This section describes the material models available in the electrical/thermal material database. Different models are used to realize two different types of material properties, electrical and thermal, each belonging to a different solver, CHARGE and HEAT, respectively.

## Electrical Properties

The material models used to define the electrical properties of materials fall into one of five general classes: conductors, insulators, semiconductors, alloys, and fluids.

### Conductor

Conductors are treated as perfect electrical conductors in a CHARGE simulation. Therefore, the electrostatic potential is constant over the entire domain of the conductor. Conductors are used to specify electrostatic boundary conditions, and must be associated with a contact in an electrical simulation.

- WORK FUNCTION: The defining characteristic of the conductor is its work function, which describes the energy cost of removing an electron from the material.

### Insulator

Materials that are defined as insulators are treated as ideal electrical insulators with a constant isotropic DC permittivity. Insulators contain no free charge, and specify flux boundary conditions in an electrical simulation.

- RELATIVE DIELECTRIC PERMITTIVITY: The relative permittivity (or dielectric constant) of the material is equal to the square of the refractive index, and is assumed to be the DC (zero frequency) value.

### Semiconductor

Semiconductors, like insulators, are band gap materials. The band gap of a semiconductor is typically small enough to allow a significant fraction of electrons to be thermally excited from the valence band to the conduction band at room temperature (300K). The band gap for a semiconductor typically ranges from 0.5-1.5eV. When energetically excited to a conduction band state, electrons leave behind a positively charged mobile vacancy, known as a hole, which behaves much like a free electron in the semiconductor. The mobility of the electrons and holes and the rates at which they are generated and recombine are determined by the models described in this section.

Semiconductors are described by a comprehensive set of parametric models that account for the behavior of free charge in an ideal crystal lattice and corrections to that behavior due to interactions with impurities, interactions with other charges, and temperature effects. See the Semiconductor page for details of its Electronic Properties and Recombination.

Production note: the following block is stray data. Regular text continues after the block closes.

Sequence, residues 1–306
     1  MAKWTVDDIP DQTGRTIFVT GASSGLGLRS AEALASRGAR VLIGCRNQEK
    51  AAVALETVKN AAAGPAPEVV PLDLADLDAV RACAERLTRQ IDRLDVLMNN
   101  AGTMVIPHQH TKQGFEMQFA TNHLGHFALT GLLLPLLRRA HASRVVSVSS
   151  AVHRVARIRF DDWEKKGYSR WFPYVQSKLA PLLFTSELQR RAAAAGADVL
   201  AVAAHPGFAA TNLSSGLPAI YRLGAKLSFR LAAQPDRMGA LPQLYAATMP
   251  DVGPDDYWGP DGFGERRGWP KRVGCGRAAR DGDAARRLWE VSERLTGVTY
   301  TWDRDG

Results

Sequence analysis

### Ternary Alloy

Ternary Alloys consist of two semiconductors. The bandgap and other properties for alloys are determined from the properties of the semiconductors it consists of.

As semiconductors are described by a comprehensive set of parametric models, so are alloys. See the Alloys page for details.

### Fluid

Liquid and gaseous materials are defined as fluids in the material database. In the CHARGE solver, fluids are treated as insulators. They contain no free charge, and specify flux boundary conditions in an electrical simulation.

- RELATIVE DIELECTRIC PERMITTIVITY: The relative permittivity (or dielectric constant) of the material is equal to the square of the refractive index, and is assumed to be the DC (zero frequency) value.

## Thermal Properties

The material models used to define the thermal properties of materials fall into one of two general classes: non-fluids (which includes conductors, insulators, semiconductors, and alloys) and fluids.

### Solid

This includes semiconductors, conductors, alloys, and insulators. All these material types are defined using similar models describing their density, specific heat, thermal conductivity, and electrical conductivity.

In the HEAT solver, solid materials are defined by their thermal properties. The properties are listed as follows:

**Heat Transport Properties**:

- DENSITY (kg/m3): The density of the material in SI unit.
- SPECIFIC HEAT (J/kg/K): The specific heat of the material in SI unit. Can be defined as a constant value or using a temperature dependent model. The temperature dependence of specific heat of solids is modeled using the following equation,

$$ c_L(T)= c_{L,300}+c_1 \frac{(\frac{T}{300})^{\beta}-1}{(\frac{T}{300})^{\beta} + \frac{c_1}{c_{L,300}}}$$

where, cL(T) is the specific heat at temperature T, cL,300 is the specific heat at 300 K, and c1 is a constant. - THERMAL CONDUCTIVITY (W/m/K): The thermal conductivity of the material in SI unit. Can be defined as a constant value or using a temperature dependent model. The temperature dependence of thermal conductivity of solids is modeled using the following equation,